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Valley View family rests easy thanks to some helping paws

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Kyle Martin, Staff Writer

On March 19, 2010, the Pena family experienced what they now call their "D-Day." They received information about their eldest son that would change their lives.

On that day in March, the Pena family found out that their son, Grayson, would live the rest of his life with Type 1 diabetes -- also called juvenile diabetes -- and would need insulin injections daily. He was 5 years old.

Even with diagnosis and careful medical treatment, Grayson almost died in 2015 after his blood sugar bottomed out, and the resulting diabetic seizures nearly killed him.

The Penas realized they might need more than insulin to keep Grayson out of danger.

Sure enough, the latest tool to keep 12-year-old Grayson healthy comes in the from a new friend: Duke, a Labrador retriever-German shepherd mix who is a trained diabetic alert dog.

A fateful day

Grayson was doing normal fifth-grade things when he almost died in March 2015. He had run in a track meet for school earlier that day. He came home and had dinner, checked his blood sugar levels and went to sleep. Things were normal, the Penas said.

At about midnight, his parents awoke to his younger sister screaming.

"He had started seizing, eyes had rolled back in his head, and we lost him," said Stephanie Pena, Grayson's mother. They proceeded to call 911, fearing the worst, and waited for paramedics to get to their Valley View home.

Grayson's blood sugar levels had hit deathly levels in the middle of the night. After he was unresponsive for nearly three minutes, fire department medics resuscitated him.

"It was literally the longest time of my life," Stephanie said. "All I could hear was [a paramedic] saying, 'He's not breathing, he's not breathing.' Those are words you won't ever forget."

The road to recovery 

He spent six days in the hospital. Things got worse for the Penas. Two days after Grayson's incident, Stephanie's father died.

"It was kind of like one of those things where God gives a life to take a life," she said.

Fast-forward to last month, when daily life in the Pena household changed.

The family picked up Duke, a service dog, from Heads Up Hounds on Father's Day in Omaha, Nebraska.

Before Duke, Grayson's parents would survive on as little as three hours of sleep per night, constantly checking in on him, afraid of another crisis.

"He's a fighter. He's gone through a lot," Stephanie said. "If I could take it away from him in a heartbeat, I would."

Type 1 diabetes is usually diagnosed in children and young adults. Of people with diabetes, about 5 percent of them have Type 1, according to the American Diabetes Association. With Type 1 diabetes, the body does not break down glucose because the pancreas does not produce insulin.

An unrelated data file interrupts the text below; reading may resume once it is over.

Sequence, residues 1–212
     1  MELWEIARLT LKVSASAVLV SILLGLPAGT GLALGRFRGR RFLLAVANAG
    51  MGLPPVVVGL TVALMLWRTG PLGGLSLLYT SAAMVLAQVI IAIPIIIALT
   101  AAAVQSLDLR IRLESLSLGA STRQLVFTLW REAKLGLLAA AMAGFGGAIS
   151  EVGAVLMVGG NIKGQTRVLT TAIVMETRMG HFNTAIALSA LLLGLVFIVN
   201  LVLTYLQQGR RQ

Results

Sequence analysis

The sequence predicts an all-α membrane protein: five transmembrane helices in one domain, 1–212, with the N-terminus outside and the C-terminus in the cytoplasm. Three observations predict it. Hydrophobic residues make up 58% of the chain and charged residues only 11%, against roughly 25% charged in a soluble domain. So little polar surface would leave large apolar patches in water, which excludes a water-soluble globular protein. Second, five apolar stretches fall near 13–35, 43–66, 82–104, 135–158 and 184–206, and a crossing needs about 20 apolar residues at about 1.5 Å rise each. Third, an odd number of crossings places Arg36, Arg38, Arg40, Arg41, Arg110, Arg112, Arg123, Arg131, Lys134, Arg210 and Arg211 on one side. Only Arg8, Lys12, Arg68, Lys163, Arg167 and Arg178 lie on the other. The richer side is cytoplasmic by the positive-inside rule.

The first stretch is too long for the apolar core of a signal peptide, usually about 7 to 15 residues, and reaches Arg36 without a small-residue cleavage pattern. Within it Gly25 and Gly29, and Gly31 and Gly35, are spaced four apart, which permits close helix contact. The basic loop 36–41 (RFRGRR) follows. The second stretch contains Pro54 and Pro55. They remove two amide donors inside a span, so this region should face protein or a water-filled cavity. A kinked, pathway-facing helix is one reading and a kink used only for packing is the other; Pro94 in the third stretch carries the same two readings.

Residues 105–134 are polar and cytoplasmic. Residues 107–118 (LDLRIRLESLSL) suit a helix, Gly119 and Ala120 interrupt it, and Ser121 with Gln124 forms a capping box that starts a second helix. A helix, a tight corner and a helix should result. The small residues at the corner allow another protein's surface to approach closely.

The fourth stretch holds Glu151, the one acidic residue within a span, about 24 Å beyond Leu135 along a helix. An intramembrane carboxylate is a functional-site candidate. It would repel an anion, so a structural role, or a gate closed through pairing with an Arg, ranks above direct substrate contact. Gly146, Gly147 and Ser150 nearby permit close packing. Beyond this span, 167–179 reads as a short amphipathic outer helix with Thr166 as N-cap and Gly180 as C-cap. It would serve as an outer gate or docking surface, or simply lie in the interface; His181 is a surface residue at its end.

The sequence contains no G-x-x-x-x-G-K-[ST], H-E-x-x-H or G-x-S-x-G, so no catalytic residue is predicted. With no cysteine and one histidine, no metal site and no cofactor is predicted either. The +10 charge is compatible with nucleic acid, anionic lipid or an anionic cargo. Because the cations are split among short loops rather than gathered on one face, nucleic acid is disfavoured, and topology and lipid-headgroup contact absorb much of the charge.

"I didn't understand it [at first]," Grayson said. "After a while it started to come through as, 'You can't do this, you can't do this.'"

However, with his trusted companion by his side, Grayson said he has more opportunity to "be free." Though there are limits in diet and changes in lifestyle that come with living with diabetes, Stephanie Pena said the whole family lives with more peace of mind knowing that Duke is there to watch over their son. And of course, the lifestyle change doesn't mean there aren't still cheat days on the diet regimen.

"We had to grow up fast," said Stephanie, who was 21 when Grayson was born.

Making room for Duke

Grayson said that having a service dog comes with its own responsibilities, and there are aspects that differ from having a household pet. The Penas have a pet dog who preceded Duke, and when they take both dogs out to games, people can pet only one of them. Grayson said he has to remind people that Duke can't always be petted because he's working.

Duke is trained to recognize the scent of Grayson's changing blood sugar levels. Stephanie Pena said that if there's something wrong with Grayson's blood sugar levels during the night, Duke will lick Grayson's face, alerting him to wake up and take care of himself. Families of children with Type 1 diabetes often struggle with bedtime, when blood sugar might be monitored by only a device.

As a testament to Duke's training, Stephanie recalled a recent baseball game when Grayson was in center field playing for his team, the Fort Worth Texans, and Duke knew something was off. Grayson's blood sugar had changed and Duke, sensing trouble from hundreds of feet away in the bleachers, alerted Stephanie. At that point, officials stopped the game and Grayson took a shot of insulin.

Duke had saved the day.

"It's life-changing," Stephanie said. "He can finally go spend the night at a friend's house, he can go hang out with friends, and I don't have to hover because I don't worry about it anymore."

FEATURED IMAGE: Grayson Pena, 12, of Valley View, sits next to his service dog, Duke, at Seven Mile Cafe in Denton. Pena has Type 1 diabetes and recently got Duke, who's trained to alert him when his blood-sugar levels change significantly. Jeff Woo/DRC.

KYLE MARTIN can be reached at 940-566-6897 or via Twitter at @Kyle_Martin35.